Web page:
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RBS has no record of specific questions by Myners on Goodwin’s pension

Royal Bank of Scotland says it has no record of any specific questions posed by City minister Lord Myners over the terms of Sir Fred Goodwin’s pension.

In written evidence to the Treasury select committee, RBS group general counsel and secretary Miller McLean reveals that Goodwin’s pension would have been £416,000 per annum if he had been dismissed by the board rather than granted early retirement.

As a result of being given early retirement, the current value of Goodwin’s pension is £703,000 per annum.

McLean reveals that the terms of Goodwin’s pension were in the public domain as the company accounts set out the terms for all executives leaving the company and Goodwin’s pension terms do not seem to be any different to these.

The letter also revealed that the compromise agreement sealing the terms of Goodwin’s departure were signed at 3am on October 13 last year by RBS non-executives.

The RBS directors who negotiated the agreement with Goodwin included former chairman Sir Tom McKillop, independent director Bob Scott, human resources director Neil Roden.

McLean writes that Lord Myners was told McKillop’s pension pot would be in the region of £15-£20m, but no alternative terms were proposed to the Myners.


Bank drops rate to 0.5%, set to print £75bn

The Bank of England has reduced the Base Rate by 0.5 per cent to a record low just 0.5 per cent as it reveals it will begin printing £75bn in new money.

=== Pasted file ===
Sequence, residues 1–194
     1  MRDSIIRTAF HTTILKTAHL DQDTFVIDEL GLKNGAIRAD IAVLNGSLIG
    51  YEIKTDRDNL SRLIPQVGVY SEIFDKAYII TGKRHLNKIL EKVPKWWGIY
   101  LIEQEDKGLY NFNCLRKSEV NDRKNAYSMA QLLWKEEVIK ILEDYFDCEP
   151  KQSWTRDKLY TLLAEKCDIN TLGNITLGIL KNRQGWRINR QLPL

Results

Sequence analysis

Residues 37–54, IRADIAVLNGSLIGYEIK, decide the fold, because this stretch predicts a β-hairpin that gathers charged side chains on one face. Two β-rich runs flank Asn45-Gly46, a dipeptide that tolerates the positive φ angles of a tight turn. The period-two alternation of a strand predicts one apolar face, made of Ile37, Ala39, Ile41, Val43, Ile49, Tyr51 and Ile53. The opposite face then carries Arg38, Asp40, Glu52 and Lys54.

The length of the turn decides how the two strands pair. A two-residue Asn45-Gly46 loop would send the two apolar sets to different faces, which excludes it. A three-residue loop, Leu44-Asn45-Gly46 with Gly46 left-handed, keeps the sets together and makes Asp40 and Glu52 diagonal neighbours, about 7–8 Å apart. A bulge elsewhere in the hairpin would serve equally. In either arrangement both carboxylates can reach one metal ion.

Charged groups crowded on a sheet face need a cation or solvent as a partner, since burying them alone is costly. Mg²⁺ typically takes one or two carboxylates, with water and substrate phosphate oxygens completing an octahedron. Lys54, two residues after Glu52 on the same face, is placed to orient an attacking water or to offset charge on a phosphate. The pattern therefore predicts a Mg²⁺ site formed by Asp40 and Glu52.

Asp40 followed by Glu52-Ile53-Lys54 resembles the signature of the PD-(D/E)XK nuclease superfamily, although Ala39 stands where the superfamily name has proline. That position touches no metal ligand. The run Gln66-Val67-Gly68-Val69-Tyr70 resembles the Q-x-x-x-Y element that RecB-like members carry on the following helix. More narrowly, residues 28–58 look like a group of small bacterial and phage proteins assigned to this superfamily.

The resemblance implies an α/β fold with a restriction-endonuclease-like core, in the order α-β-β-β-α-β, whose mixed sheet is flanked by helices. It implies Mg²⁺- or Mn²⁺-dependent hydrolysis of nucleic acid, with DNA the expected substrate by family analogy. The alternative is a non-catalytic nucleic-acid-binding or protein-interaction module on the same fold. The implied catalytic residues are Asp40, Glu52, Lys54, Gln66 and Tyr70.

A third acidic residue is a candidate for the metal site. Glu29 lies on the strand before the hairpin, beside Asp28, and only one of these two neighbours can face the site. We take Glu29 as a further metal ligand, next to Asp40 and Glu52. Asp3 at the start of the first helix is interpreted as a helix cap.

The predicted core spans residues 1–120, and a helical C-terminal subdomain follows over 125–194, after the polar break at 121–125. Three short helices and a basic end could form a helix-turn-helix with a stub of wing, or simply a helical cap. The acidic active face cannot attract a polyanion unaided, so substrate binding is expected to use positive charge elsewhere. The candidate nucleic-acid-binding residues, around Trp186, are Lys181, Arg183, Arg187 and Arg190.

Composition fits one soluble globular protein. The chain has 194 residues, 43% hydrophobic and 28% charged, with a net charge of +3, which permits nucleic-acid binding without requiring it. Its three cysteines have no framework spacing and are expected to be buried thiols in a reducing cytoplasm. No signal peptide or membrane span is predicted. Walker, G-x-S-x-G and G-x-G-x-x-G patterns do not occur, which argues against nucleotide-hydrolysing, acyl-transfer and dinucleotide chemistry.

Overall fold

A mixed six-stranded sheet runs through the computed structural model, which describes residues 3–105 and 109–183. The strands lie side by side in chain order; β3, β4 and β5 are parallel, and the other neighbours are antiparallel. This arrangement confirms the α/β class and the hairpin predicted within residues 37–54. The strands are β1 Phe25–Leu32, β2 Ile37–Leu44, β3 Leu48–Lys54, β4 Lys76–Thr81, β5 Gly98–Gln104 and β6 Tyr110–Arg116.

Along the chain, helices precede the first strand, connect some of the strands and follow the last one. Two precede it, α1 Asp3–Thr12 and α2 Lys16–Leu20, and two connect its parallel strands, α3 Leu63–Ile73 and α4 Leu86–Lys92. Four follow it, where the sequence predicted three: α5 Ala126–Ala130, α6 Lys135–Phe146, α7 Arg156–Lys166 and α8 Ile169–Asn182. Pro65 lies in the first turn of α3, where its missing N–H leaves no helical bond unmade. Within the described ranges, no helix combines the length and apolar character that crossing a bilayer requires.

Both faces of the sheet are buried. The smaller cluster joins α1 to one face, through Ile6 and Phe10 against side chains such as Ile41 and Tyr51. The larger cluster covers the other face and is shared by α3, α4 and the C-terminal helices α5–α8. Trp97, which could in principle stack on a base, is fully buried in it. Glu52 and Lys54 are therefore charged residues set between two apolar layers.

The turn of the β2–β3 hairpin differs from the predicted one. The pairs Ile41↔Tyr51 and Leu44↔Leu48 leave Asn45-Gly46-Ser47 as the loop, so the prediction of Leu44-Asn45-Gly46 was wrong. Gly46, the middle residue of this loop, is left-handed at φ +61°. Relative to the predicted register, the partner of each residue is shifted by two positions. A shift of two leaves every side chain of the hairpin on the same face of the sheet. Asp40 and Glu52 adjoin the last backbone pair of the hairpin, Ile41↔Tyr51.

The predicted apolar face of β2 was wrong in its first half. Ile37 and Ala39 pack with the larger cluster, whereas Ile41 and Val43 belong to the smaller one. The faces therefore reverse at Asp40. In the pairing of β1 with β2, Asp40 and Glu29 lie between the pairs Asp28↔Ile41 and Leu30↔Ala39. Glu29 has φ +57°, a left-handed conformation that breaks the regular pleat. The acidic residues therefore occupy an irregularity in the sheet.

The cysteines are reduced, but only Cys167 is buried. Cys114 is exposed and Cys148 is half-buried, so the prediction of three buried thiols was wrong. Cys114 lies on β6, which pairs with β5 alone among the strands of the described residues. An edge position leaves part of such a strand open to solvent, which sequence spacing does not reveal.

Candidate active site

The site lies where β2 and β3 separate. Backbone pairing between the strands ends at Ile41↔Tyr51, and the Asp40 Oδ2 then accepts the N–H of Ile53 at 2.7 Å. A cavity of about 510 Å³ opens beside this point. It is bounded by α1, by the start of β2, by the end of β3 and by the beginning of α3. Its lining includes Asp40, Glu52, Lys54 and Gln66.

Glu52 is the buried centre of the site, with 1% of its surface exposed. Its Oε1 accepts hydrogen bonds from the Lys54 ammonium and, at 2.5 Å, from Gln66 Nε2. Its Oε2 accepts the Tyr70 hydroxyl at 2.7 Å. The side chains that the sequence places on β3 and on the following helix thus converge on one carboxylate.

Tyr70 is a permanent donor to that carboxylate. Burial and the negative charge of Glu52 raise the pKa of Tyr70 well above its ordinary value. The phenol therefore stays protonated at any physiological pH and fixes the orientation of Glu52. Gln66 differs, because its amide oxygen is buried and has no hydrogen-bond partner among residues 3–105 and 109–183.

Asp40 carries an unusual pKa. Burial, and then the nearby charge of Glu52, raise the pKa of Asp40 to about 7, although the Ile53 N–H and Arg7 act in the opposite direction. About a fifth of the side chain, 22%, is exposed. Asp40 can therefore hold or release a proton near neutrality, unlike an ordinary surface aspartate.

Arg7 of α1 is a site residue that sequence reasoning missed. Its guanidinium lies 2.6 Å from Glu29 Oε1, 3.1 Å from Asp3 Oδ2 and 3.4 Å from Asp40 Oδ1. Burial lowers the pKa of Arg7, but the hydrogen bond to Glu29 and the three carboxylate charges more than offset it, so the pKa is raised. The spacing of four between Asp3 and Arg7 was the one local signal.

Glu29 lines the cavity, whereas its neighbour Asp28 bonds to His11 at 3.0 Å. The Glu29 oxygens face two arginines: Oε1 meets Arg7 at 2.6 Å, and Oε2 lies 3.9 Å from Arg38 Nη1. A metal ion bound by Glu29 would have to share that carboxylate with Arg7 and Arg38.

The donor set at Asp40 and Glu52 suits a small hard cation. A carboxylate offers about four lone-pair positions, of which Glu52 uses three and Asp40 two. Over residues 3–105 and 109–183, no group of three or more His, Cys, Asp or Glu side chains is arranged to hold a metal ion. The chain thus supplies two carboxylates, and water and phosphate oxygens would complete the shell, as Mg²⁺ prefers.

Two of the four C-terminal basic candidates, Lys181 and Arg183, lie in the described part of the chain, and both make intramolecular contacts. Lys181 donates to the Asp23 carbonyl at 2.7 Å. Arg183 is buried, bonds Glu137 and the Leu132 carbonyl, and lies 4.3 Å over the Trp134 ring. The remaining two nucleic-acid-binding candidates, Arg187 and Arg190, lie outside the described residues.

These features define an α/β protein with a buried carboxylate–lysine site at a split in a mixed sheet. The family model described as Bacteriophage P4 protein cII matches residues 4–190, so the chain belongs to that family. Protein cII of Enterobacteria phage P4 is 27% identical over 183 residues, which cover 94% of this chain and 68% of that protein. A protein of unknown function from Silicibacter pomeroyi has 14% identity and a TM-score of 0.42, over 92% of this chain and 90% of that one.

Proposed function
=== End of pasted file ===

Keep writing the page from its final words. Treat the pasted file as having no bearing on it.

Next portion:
Why the FSA won’t hold fire on RDR

There are just a few fairly significant problems with trying to persuade the FSA to hold fire on the RDR:1: The FSA appears to be entirely unaffected by the economic downturn for the simple reason that its income is entirely unrelated to what is happening in the real world of commerce. How nice if the rest of us could raise what we want simply by compulsory levies.2: The FSA has no idea just how much up-front work an IFA has to do to get a new client on board. We could charge fees but so much damage has been done to the reputation of the industry that hardly anyone is prepared to pay for what they perceive to be nothing more than being steered in the direction of whatever product best suits the pocket of the IFA.3: The FSA has a proven and documented history of only very limited preparedness to take note of representations from the industry.


Guide: day-to-day tasks ​— can your system manage?

This guide from Johnson Fleming will take you through the required communication and also give ideas for additional actions that will ensure your auto-enrolment project is a success. As well as highlighting what is required from a system to ensure it is up to the tasks, an overview of the following is also provided: data validation; data categorisation; employee communication; opt-in process; opt-out process; produce contribution schedule; contribution reconciliation process; upload of member data to pension provider; upload contribution to pension provider; manage salary sacrifice process; enrolment process; re-enrolment process; and management of increased employee queries.


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